Union FlagThe starting pistol has been fired and the fight for Scotland is on. Both the not-so-imaginatively named ‘Yes Scotland’ and oh-so-soppy ‘Better Together’ campaigns launched their New Year’s messages a couple of days ahead of time this morning. Predictably the ‘Yes Scotland’ movement calls for independence and the ‘Better Together’ group suggests remaining as part of the United Kingdom (which consists of England, Scotland, Wales and Northern Ireland).

For possibly the first and last time both campaigns are in agreement in their message. Each side believes everyone who is eligible to vote should do so, and both have pleaded this case ahead of the referendum on September 18. ‘Yes Scotland’ called the decision “too big to leave to the politicians”, while ‘Better Together’ advocate, politician, and former chancellor under the last Labour government Alistair Darling wants the numbers high so the decision will be seen as “decisive.”Â Clearly those on the no side don’t want independence rearing up again and again.

Voting rules are relatively easy to explain. If you are registered to vote in Scotland you can vote in the referendum, regardless of whether you are Scottish or not. As long as you are a resident you can be from the British Empire Commonwealth or the EU and still vote. Any Scots residing in other parts of the UK cannot. All the Scots I know live in England. Many would like to vote, but unless they move back up north they get no say. Also the voting age has been lowered to 16, which is an interesting twist. It’ll certainly give the social media section of the campaign extra importance.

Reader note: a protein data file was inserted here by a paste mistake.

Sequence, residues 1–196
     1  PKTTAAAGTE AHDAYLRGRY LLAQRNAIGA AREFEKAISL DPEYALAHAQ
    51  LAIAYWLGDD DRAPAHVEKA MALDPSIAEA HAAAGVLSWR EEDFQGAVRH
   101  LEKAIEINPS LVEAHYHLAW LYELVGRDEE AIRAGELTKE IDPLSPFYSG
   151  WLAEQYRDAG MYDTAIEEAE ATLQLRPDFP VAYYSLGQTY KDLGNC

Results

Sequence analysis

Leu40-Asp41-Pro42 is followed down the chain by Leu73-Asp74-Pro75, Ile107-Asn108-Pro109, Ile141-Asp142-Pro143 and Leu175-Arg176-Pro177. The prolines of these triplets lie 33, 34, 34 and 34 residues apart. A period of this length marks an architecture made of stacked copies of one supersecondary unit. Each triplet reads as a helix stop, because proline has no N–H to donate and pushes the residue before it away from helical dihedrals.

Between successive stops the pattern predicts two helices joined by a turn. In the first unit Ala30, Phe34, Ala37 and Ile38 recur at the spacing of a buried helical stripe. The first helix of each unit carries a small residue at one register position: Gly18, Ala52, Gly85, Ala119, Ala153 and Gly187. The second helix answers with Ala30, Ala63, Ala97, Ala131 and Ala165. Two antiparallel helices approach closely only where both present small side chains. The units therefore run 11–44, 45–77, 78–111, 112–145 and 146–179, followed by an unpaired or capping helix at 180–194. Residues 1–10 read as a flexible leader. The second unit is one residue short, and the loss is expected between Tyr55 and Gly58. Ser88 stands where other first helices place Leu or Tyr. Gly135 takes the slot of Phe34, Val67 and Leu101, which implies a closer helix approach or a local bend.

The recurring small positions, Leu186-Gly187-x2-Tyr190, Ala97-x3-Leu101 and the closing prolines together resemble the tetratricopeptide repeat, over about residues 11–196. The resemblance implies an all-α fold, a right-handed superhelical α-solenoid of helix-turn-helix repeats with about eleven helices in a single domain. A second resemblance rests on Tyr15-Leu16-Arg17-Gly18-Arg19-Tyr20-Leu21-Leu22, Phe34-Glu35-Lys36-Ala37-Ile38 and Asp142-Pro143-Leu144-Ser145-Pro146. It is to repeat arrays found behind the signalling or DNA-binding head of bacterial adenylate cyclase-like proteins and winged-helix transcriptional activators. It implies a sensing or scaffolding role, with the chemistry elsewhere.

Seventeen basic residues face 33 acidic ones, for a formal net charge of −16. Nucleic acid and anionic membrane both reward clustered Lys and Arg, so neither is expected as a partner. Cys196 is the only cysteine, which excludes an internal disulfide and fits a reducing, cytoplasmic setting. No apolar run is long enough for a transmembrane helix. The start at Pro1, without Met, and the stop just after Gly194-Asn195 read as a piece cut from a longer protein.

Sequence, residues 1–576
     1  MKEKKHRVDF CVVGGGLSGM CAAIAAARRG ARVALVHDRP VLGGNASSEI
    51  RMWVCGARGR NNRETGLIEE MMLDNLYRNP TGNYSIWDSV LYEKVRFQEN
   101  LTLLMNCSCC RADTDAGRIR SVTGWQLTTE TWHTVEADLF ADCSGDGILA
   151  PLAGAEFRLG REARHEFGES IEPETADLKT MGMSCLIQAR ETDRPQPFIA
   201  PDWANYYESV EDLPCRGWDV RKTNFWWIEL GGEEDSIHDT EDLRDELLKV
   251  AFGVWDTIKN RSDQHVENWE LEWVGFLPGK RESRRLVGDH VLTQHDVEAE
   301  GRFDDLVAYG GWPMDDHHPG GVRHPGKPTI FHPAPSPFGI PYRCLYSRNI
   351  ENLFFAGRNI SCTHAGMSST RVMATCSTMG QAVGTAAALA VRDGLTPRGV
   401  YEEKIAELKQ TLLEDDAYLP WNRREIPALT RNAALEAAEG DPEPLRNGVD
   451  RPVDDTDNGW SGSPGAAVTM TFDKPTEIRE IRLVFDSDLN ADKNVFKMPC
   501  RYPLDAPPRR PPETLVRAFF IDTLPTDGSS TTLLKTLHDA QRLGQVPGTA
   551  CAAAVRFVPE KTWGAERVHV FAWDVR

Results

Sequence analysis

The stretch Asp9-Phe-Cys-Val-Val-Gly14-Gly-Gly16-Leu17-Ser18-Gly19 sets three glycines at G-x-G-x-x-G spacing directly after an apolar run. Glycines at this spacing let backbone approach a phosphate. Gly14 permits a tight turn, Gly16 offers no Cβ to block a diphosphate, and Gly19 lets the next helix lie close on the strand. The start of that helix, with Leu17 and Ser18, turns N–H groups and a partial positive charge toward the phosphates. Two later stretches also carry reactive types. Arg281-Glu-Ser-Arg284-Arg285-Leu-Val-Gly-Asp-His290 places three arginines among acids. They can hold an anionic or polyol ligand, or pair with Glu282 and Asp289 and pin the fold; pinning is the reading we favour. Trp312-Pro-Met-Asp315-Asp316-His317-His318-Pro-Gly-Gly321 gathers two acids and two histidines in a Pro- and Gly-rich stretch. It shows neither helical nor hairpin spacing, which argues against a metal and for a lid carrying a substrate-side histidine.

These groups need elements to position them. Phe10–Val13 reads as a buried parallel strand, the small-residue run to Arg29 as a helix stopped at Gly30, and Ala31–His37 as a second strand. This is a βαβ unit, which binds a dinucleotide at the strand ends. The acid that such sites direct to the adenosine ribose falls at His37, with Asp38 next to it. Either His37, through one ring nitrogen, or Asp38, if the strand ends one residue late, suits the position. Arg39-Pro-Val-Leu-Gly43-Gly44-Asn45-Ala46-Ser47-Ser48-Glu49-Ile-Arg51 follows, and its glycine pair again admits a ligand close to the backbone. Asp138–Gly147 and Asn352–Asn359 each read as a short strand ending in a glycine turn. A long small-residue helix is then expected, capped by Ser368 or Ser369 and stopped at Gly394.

Other interesting side-notes include the campaign budgets which are set at just over $2 million each, and will be used in a three month period leading up to the vote. Scotland’s independence day would be on September 18 March 24 (because why not?). When you put “Yes Scotland’ into a search engine the campaign is all you see. ‘Better Together’ takes you to the world of musician Jack Johnson. Also in the white paper produced to outline what an independent Scotland would look like Scots the world over will be relieved to know that a new nation would be represented in the Eurovision Song Contest. The white paper also includes some very important changes to government institutions.

As far the outcome goes the Yes campaign, at least in media, appears to be the more confident of the two. A majority decision in favor of independence would only be the start of the process, however, with many issues such as North Sea oil and gas, the BBC, and Andy Murray’s Wimbledon title yet to be carved up. Which ever way the vote goes this is the beginning of the end for both campaigns, one way or the other.